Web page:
The death toll from the series of tornadoes that erupted late Friday will likely top 100 in Kentucky alone, the state's Gov. Andy Beshear said Sunday, as fears grew there would be no further rescues from a collapsed candle factory in the devastated city of Mayfield.
"This is the deadliest tornado event we've ever had."
Speaking Sunday on CNN's "State of the Union," Beshear said least 80 Kentuckians were confirmed dead from the storm, but "that number is going to exceed more than 100."
Some towns are just "gone," the governor said, and called the situation "devastating" as a result of "massive, widespread damage."
The tornado that ripped through Mayfield may have been a continuous tornado that passed through four states as it traveled roughly 230 miles, potentially the longest on the books.
Beshear told NBCs "Meet the Press" Sunday that "we're losing so many people in this, most of our morgues aren't big enough."
Significant loss of life was expected from a Mayfield candle factory hit by the tornado. According to reports, the factory had 110 people, including inmates, working inside at the time the tornado hit; so far, 40 people have been rescued.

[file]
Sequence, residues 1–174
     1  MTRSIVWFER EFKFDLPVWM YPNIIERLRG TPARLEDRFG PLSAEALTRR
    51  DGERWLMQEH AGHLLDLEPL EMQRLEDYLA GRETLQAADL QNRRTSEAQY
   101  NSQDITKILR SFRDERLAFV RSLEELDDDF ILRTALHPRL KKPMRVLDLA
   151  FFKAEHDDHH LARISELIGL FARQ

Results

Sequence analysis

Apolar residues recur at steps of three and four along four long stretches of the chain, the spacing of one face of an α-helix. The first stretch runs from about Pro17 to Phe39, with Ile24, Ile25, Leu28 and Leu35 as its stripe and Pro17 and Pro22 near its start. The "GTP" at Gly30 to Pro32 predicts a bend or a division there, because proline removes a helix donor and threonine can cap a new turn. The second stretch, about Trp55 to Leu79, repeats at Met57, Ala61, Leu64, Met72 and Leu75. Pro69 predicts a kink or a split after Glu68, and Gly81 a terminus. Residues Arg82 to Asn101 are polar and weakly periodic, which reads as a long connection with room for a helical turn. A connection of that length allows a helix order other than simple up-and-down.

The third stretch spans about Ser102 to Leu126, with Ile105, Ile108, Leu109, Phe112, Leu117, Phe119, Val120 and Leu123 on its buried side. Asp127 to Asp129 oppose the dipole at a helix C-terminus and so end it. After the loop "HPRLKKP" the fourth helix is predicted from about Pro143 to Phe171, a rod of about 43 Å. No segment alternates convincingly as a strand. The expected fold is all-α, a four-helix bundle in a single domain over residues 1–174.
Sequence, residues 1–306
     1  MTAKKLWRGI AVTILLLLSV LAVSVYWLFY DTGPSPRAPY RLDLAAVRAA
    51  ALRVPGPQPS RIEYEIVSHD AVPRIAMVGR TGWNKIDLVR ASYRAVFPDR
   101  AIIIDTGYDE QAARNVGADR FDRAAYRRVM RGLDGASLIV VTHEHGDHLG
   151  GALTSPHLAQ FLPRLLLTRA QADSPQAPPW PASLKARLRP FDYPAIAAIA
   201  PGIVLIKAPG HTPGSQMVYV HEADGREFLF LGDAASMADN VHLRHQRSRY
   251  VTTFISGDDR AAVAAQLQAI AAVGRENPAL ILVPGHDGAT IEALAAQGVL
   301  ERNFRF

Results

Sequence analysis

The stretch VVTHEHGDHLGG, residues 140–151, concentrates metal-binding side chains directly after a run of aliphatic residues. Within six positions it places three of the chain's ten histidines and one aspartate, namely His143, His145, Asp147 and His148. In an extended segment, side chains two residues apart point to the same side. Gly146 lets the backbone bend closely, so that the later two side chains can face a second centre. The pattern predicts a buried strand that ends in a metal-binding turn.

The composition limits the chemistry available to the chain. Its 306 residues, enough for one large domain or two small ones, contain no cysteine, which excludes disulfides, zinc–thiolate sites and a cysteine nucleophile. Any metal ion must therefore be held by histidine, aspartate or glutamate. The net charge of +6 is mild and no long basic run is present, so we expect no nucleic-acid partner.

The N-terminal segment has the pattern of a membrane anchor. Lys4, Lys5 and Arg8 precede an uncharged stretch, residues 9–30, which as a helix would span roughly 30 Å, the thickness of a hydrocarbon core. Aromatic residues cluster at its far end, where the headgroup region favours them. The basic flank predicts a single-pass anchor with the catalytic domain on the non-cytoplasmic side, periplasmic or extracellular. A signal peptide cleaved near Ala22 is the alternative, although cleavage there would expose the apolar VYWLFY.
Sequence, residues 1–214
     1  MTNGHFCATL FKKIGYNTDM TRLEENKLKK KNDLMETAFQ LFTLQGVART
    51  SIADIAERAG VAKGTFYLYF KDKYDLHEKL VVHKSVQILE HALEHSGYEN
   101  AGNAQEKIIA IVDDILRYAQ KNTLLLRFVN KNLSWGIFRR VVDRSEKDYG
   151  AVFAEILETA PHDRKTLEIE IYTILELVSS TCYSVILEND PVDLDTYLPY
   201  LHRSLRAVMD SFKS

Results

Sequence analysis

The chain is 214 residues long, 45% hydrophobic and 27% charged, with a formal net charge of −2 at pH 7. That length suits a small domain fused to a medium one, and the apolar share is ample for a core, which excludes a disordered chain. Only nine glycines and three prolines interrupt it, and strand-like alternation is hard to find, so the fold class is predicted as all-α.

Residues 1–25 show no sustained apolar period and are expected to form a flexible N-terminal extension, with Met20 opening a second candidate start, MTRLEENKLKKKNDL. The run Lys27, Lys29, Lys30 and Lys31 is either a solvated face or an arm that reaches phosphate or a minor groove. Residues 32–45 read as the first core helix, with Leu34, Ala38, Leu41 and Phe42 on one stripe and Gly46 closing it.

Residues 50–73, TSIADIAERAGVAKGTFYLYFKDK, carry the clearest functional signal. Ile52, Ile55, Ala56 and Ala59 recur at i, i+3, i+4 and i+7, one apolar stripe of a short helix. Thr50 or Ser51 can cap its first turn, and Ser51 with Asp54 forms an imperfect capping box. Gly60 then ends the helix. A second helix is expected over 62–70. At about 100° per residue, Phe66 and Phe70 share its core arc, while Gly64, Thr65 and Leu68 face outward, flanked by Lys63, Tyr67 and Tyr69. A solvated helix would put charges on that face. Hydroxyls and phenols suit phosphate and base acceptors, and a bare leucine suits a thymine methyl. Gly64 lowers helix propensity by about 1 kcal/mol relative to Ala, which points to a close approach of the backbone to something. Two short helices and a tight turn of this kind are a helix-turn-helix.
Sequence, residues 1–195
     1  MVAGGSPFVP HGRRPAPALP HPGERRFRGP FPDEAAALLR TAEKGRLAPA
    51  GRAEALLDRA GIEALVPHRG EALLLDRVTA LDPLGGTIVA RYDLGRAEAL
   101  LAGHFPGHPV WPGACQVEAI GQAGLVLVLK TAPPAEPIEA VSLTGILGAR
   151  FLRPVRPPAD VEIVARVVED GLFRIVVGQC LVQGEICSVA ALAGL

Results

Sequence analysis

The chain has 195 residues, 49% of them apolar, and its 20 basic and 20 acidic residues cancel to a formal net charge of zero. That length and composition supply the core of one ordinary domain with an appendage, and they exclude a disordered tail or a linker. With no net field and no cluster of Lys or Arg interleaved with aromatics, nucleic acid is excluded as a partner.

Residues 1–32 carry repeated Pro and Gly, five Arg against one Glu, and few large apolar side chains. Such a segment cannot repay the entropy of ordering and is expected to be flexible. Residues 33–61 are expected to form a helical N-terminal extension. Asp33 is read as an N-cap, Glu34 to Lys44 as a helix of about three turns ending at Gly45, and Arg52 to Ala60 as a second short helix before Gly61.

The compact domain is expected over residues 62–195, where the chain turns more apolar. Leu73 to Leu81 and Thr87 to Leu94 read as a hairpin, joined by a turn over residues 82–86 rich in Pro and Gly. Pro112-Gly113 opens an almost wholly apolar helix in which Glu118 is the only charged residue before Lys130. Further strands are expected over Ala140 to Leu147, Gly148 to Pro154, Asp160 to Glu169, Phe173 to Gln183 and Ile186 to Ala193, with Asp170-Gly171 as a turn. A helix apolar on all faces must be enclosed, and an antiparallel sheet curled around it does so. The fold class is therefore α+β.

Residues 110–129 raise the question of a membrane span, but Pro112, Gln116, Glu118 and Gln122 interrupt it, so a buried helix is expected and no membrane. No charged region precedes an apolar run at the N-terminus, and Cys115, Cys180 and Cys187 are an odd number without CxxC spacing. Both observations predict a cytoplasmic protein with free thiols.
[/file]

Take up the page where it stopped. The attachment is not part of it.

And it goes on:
Among those who made it out alive from the factory was Kyanna Parsons-Perez, who shared live video of the harrowing ordeal and pleaded for help as she and other workers were trapped for hours.
Speaking on NBC's "Today" show Saturday, Parsons-Perez said, "I did not think I was going to make it at all."
Beshear, in his remarks to CNN, said that "it'll be a miracle if we pull anybody else out of that" factory, where debris was stacked in places 15 feet high.
According to the Louisville Courier Journal:
Hours before the tornado hit the candle factory, the company posted on its Facebook page Friday afternoon that it was looking to hire employees. A recent listing for a full-time candle production position had a starting wage of $8 per hour and required 10- to 12-hour shifts.
The state recovery effort, said Kentucky's Director of Emergency Management Michael Dossett, could likely go on "for years," with efforts currently focused on Mayfield as well as the communities of Graves, Dawson Springs, and Bowling Green.
"The devastation," Dossett told CNN Sunday, "is quite frankly something that you would see in a war zone."